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Harlem On My Mind: A Young Black Boy’s Blues; A Black Mother Laments

The other day I was up in Harlem after a great book event at Hue-Man bookstore, taking in the vibes, the street and the scene that is quintessential Harlem U.S.A.

As I walking up Adam Clayton Powell Blvd, I heard and saw a young boy, about 10 years old, being scolded by his father. Like most kids, it seemed like his father was telling him to do something he didn’t want to do. The father was yelling at his son, and it became more intense. The rest of the conversation–voices elevated, passersby watching–went something like this:

Young Black Boy: ” I wish I could kill myself.” (repeat, repeat, repeat)

Father: “Oh yeah, what good would that do?”

Young Black Boy: “At least I could be in heaven, and I wouldn’t have to be around you. “

Kimberly stops in tracks. I couldn’t move. The father continued to yell at the boy, while the mother stood by quietly holding on to the baby stroller.

Now I know emotional blackmail when I hear it, but I could see this boy’s pain in his face and in his body language. It was one of those moments when my mommy instinct told me to run over there, hug that boy and tell him millions of moms are rooting for him and his success and that this life here on earth can be beautiful and peaceful and full of possibilities. And that, even when it isn’t, you don’t ever give up.

I wanted to give his mother an understanding and empathetic look, like, “I know, sis, it ain’t easy,” and share some of my own struggles. But I knew none of these options were allowed.

I knew that our “village” mentality has long disappeared and that I needed to mind my own business, stop standing on the corner acting as if I was lost (when I was really engaged in the drama) and keep it moving to my car.

I drove off very sad that day. I was sad to hear that beautiful young boy declare that he thought death could be better than his life, I was sad to know that at a time, when we need other mothers, Aunties, grandmothers and sometimes well-meaning strangers more than ever before to help raise powerful and productive Black children, that we have had rid ourselves of these traditions. To our own detriment, I think.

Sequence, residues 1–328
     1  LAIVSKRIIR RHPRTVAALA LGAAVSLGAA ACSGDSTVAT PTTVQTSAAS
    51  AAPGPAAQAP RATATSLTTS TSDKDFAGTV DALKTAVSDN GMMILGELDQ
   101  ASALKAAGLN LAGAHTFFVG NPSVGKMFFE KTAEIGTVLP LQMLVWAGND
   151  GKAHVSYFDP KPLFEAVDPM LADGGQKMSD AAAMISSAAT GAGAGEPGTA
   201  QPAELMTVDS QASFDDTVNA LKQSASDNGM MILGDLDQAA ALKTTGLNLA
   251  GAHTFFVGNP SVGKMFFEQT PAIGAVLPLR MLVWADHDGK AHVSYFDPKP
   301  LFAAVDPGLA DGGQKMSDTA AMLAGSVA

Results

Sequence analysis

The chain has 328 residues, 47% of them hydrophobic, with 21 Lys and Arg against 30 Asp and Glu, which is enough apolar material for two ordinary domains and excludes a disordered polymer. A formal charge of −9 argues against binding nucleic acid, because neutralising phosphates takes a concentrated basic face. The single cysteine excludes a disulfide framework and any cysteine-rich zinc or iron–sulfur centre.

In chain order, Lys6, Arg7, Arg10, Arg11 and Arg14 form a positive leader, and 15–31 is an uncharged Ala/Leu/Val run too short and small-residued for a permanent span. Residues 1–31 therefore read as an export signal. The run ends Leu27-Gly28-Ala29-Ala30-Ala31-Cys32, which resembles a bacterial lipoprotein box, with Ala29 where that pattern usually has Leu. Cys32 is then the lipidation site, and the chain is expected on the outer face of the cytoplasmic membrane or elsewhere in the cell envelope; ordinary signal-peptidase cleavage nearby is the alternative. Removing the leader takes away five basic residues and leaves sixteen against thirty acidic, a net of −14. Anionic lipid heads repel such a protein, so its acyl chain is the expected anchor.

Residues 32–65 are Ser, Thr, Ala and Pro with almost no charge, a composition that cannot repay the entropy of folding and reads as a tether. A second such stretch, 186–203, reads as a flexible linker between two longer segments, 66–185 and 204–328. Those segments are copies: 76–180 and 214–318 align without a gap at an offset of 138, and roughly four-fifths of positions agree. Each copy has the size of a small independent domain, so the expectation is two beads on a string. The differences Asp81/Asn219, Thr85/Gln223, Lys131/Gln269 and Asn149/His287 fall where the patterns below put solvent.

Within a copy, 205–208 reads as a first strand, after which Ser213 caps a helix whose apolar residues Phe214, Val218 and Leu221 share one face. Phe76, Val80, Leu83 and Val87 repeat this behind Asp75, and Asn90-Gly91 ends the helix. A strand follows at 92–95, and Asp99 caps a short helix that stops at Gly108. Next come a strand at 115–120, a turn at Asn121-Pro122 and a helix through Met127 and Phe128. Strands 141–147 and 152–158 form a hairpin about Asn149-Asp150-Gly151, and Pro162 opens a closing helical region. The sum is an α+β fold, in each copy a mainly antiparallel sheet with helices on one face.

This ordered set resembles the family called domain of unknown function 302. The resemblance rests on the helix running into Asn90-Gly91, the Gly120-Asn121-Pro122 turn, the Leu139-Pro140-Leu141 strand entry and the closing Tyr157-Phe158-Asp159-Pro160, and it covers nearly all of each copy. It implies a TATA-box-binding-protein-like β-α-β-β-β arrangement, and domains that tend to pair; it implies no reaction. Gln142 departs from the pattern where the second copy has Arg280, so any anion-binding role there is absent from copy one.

But I was even more upset with myself. I felt I should have said something, done something anything, despite the consequences. I even dreamed about it last night. I wonder, if we can start showing Black mothers that we care, understand and support each other, can we bring “the village” back? If we rewrite the rules for what actually defines “my own business,” and say every Black child is connected and if yours fails, mine fails so therefore, by some very basic rules of logic and humanity, it is indeed very much “my business,” can we bring it back?

Can we????


One Response to “Harlem On My Mind: A Young Black Boy’s Blues; A Black Mother Laments”
  1. Anonymous says:

    Yes we can! But it will take patience and consistency. One neighbor at a time to get back to where we once were on this issue, and others like it. A community raising our children.(each one teach one) The difficulty in doing this present day is that "community" means so many different things for so many of us. Class/acceptance and of course economics have driven a wedge in the village family so to speak. Now we have a group of people who can or choose to no longer relate to the others experiences – which in turn makes folks feel "unqualified" to comment on "your family choices". I fear we have learned to adapt/fit in a little too well. We can however take steps with our families, friends & neighbors. As Mahatma Gandhi said: Be the change you want to see in the world. Change starts with us.

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